The Report states that the region has a choice: "Invest in, modernize and expand" the region's public transit system or "begin shrinking the transit network and lose the economic and quality of life benefits that accompany it." The Report does not give serious consideration to the options of shrinking existing public transit system or even maintaining the status quo. Rather, the report assumes the conclusion that it makes sense to expand business as usual when it comes to public transit. The Report thus exhorts us to "seize the opportunity to develop a world class transit system." We learn from the RTA's 2007 Budget Book that this means new and rapidly increasing State operating subsidies on top of the existing State subsidies. These additional public subsidies are as follows: 2007--$145 million; 2008--$223 million; 2009--$335 million. (Note the 130% increase over just three years with no signs of leveling off.) On the capital side, we are told that it will take almost $40 billion in new money over 30 years to achieve such a system.


The Report is a disappointment to anyone who truly wants a "world class transit system" in Northeastern Illinois. Despite public transit's declining market share, despite the inability of the RTA and the service boards to live within the means provided by the RTA sales tax and the matching State subsidy, despite continued low density development in much of the region that makes traditional public transit infeasible, the Report boils down to "we need more of the same" -- the same public transit agencies following the same public transit business model under the same legal/administrative structure. This is hardly a compelling case.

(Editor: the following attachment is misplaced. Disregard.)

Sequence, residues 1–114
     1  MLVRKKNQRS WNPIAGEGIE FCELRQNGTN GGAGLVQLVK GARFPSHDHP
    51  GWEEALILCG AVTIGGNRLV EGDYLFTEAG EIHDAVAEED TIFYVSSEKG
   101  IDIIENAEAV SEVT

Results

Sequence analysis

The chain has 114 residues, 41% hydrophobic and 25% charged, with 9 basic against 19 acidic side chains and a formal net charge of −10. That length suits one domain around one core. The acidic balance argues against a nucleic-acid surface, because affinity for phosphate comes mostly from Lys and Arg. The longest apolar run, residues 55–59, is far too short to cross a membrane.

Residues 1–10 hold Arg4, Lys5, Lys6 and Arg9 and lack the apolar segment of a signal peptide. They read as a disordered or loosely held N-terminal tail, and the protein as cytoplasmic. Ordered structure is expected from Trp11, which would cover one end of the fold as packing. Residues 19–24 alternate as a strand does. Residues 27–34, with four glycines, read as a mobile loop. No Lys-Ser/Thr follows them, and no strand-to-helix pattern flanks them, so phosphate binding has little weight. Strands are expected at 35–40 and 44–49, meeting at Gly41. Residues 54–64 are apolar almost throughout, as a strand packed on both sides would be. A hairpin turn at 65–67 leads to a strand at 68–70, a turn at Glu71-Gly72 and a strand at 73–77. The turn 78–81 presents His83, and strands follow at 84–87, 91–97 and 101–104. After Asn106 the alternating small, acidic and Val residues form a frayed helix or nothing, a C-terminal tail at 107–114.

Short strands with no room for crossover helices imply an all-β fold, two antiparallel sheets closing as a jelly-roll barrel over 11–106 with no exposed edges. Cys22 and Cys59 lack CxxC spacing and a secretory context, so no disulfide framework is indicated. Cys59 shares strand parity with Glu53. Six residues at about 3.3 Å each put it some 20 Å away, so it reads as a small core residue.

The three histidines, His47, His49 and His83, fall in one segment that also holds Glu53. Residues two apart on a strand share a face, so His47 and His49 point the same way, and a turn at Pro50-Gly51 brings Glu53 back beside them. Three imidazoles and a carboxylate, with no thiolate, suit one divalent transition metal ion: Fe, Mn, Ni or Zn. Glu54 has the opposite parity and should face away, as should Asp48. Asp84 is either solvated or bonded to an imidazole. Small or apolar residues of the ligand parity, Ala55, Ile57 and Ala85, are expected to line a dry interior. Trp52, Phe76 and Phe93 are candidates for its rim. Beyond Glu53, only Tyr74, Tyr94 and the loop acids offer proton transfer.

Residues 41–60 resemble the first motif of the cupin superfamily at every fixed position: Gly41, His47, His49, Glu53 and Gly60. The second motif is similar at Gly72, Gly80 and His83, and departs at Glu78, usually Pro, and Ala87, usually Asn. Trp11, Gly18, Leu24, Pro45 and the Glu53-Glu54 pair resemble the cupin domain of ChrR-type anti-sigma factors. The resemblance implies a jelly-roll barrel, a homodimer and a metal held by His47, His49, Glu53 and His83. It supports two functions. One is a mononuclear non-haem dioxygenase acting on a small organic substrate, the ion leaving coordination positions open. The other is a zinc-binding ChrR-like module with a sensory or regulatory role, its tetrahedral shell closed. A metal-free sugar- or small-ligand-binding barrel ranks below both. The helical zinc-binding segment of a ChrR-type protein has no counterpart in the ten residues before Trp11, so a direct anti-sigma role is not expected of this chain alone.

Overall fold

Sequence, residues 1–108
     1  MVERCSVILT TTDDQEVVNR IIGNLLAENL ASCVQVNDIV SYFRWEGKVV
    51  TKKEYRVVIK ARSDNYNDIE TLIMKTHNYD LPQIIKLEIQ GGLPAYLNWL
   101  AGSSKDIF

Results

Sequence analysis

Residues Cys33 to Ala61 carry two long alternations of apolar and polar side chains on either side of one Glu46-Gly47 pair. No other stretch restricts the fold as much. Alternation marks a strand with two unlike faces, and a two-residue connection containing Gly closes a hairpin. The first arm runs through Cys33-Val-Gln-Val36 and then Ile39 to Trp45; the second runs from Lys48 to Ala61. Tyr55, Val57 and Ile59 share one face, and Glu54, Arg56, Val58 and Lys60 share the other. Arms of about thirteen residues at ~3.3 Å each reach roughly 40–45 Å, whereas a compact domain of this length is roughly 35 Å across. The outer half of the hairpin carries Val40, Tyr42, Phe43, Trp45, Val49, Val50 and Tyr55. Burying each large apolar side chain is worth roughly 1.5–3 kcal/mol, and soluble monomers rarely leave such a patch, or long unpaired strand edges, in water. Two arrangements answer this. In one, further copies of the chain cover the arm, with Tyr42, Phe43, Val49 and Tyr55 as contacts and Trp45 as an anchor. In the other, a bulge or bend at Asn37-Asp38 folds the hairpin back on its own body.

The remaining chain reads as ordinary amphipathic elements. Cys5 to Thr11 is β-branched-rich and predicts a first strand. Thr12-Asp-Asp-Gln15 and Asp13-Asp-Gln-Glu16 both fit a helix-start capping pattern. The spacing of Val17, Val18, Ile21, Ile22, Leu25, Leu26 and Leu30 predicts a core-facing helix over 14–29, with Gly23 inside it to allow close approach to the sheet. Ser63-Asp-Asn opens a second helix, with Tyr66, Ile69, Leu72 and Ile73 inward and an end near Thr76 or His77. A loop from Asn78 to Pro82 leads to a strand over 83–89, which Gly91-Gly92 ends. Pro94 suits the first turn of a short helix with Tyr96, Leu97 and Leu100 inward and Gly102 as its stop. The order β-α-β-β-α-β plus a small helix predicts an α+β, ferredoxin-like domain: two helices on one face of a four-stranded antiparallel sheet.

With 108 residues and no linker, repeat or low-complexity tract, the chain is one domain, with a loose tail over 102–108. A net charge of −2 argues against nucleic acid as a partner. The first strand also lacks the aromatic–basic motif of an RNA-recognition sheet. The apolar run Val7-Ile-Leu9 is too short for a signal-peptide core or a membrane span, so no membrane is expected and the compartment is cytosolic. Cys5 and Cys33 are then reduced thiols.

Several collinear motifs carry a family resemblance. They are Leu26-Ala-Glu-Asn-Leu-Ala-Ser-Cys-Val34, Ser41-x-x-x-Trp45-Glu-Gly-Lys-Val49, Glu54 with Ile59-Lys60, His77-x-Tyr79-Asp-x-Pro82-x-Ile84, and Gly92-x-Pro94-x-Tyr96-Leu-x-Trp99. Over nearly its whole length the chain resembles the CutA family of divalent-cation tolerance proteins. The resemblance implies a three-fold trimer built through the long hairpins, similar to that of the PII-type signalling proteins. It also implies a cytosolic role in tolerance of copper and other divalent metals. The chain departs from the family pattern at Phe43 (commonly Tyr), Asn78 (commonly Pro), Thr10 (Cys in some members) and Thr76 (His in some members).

Some of the issues the Report fails to address include:

-- Labor Costs make up the lion's share of the operating costs of the transit agencies. When private sector companies approach or enter bankruptcy labor concessions and out-sourcing are often key to remaking the company into a viable enterprise. This is a painful process, yet it happens. What plans do the RTA and the service boards have to reduce labor costs directly and through outsourcing now that they face the public sector equivalent of bankruptcy?